It’s good to be back for Take 5 this year. Don’t get me wrong, the couple of weeks in December when I don’t write this column serve as a good mental recharge for me. Taking some time for yourself is key to keeping fresh, focused, and healthy. The last two weeks getting back into the column and sorting through all of the new music has been amazing, though. Writing Take 5 is always a highlight of my week, and the quick break just makes returning that much better. Let’s get into this week’s selections.
Jerry Williams – David At The Bar
You never know what stories the people around you are carrying with them. Sometimes our stories interact with a stranger’s in ways we don’t expect. British singer Jerry Williams had an encounter like that herself, and turned it into the stunningly beautiful “David At The Bar.” Williams crafts a vivid narrative about this man, a person who has just fallen off the wagon and has his share of struggles. From this chance meeting Williams has crafted a song that delves into our regrets, our capacity for forgiveness and change, and what it means to move forward from a dark place when we can’t see the light yet. The instrumental is a simple guitar and some drums, which are all that are needed to score Williams’ moving vision. “David At The Bar” establishes Jerry Williams as an expert storyteller, and gives us all something to ponder.
Kemba – Deadass
Some songs waste no time at all to crawl into your brain and take root in there. No intro, just musical skill. Bronx rapper Kemba’s new single “Deadass” is one of those songs. In a brisk two minutes and twenty seconds Kemba shows what he’s made of. What he’s made of is wordplay that can tie everything from the Oklahoma City Thunder to Stevie Wonder together and production skills that created the perfectly chill beat he raps over. The punctuation of his points with the echoing repetition of the word “deadass” draws emphasis to his best lines and serves as a fun, smart way to provide extra flavor to the instrumental and flow. It’s made even more impressive knowing that this is the first time Kemba has tried his hand at production. If a song as good as “Deadass” is his first try, Kemba should definitely be in your rotation to see what comes next.
Billie Eilish – When I Was Older
You don’t have to see Roma in order to understand Billie Eilish’s new track “When I Was Older,” but I highly encourage you to seek it out. Alfonso Cuarón’s latest work is an incredible piece of art, and you can clearly identify how it influenced Eilish on the track. Eilish and her brother FINNEAS bring their trademark minimalist production and haunting melodies to “When I Was Older,” and that combined with the clear thematic connections to the quieter moments of Roma create a striking musical composition. The alteration to Eilish’s voice work in the context of the other elements of the song, and the sections where she speeds up into almost a chant while the music builds will take your breath away. When I Was Older works beautifully on its own, but for anyone who has seen Roma it’s clear Billie Eilish did her homework.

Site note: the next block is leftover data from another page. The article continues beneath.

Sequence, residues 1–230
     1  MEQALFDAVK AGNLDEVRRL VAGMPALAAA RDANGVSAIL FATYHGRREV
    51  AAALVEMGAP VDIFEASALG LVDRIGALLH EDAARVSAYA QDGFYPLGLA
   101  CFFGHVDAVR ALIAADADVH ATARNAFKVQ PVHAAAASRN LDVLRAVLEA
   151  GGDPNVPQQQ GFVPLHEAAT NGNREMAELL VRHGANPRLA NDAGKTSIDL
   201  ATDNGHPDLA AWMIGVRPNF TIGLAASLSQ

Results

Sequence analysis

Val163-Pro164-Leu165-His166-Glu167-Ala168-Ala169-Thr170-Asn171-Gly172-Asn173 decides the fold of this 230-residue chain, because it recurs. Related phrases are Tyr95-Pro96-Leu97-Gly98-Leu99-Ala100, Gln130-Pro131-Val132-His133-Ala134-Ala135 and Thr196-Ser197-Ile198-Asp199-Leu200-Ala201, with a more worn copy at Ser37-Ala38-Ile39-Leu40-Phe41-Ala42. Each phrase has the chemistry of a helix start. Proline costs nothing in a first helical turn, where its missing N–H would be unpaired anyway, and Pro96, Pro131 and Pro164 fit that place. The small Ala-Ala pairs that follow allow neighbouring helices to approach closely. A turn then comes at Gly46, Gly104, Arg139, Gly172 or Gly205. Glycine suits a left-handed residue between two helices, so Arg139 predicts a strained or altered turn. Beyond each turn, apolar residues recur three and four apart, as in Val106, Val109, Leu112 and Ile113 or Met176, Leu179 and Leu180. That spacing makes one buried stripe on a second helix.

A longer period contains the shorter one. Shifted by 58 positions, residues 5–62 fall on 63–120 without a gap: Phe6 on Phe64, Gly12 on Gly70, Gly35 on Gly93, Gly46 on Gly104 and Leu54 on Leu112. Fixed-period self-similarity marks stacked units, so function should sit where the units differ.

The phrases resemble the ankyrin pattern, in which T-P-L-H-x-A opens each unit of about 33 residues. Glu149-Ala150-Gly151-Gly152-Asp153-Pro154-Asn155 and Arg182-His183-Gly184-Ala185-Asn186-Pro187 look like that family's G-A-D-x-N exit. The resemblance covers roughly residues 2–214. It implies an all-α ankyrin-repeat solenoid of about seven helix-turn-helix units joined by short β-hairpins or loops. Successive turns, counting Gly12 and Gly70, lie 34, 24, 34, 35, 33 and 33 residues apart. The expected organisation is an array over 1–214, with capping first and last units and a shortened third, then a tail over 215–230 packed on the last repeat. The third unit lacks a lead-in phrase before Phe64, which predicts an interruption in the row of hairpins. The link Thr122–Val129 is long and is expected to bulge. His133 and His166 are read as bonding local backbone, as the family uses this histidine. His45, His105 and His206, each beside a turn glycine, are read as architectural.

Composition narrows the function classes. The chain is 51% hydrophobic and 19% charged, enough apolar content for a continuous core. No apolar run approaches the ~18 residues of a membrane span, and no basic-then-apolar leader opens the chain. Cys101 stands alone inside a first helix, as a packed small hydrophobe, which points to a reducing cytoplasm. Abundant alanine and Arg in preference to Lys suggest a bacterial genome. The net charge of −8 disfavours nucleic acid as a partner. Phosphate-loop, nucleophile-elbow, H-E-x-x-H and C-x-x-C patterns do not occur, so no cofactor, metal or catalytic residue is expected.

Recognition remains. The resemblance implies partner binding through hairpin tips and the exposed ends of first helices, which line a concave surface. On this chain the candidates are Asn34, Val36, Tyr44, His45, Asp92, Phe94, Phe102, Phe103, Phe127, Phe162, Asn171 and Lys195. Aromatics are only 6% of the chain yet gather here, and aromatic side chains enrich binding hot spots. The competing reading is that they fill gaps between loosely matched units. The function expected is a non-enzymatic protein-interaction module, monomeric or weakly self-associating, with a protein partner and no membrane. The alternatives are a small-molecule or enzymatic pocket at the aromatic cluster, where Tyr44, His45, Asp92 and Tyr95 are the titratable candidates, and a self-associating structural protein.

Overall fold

Judah & The Lion – Over my head
There’s a lot to think about in a day. You have to deal with all your daily tasks, and that’s before your mind turns to what you’re doing with your life, if you’re really happy, and all the fun existential questions. Thinking it about it all can be overwhelming. Judah & The Lion have turned that feeling into a song with the aptly named “Over my head.” Many of the trio’s songs go at a pretty quick pace, but “Over my head” might be their most breakneck track yet. Judah Akers details all of the huge issues his brain churns through as soon as he wakes up and the various ways in which he tries to cope. Meanwhile, Brian Macdonald and Nate Zuercher blaze a path with their uptempo mandolin and banjo playing. Everything builds up into a huge musical moment that sounds exactly what the inside of Akers’s mind must look like when thinking about these things. “Over my head” not only sounds amazing, it’s incredibly relatable as well.
Lana Del Rey – hope is a dangerous thing for a woman like me to have – but i have it
Lana Del Rey has never shied away from sharing her innermost feelings in her songs, no matter how personal they may be. To that end, her new single “hope is a dangerous thing for a woman like me to have – but i have it,” might be her most revealing track to date. Del Rey talks frankly about her emotional exhaustion and the struggles she goes through while trying to put on a brave face. The instrumental is subdued and quiet, as the lyrics are clearly the most important part of this track. When Del Rey explains that she’s not happy and the best she ever feels tops out at “not sad,” it’ll break your heart. Even in her exhaustion, she’s crafted an amazing song full of the staples we adore from her. The way she sings “I’ve been tearing around in my fucking white gown” on the chorus with emphasis on the profanity is peak Lana. “hope is a dangerous thing for a woman like me to have – but i have it,” is an amazing track, but here’s to hoping that Lana Del Rey can take some time and do what she needs to do in order to heal.
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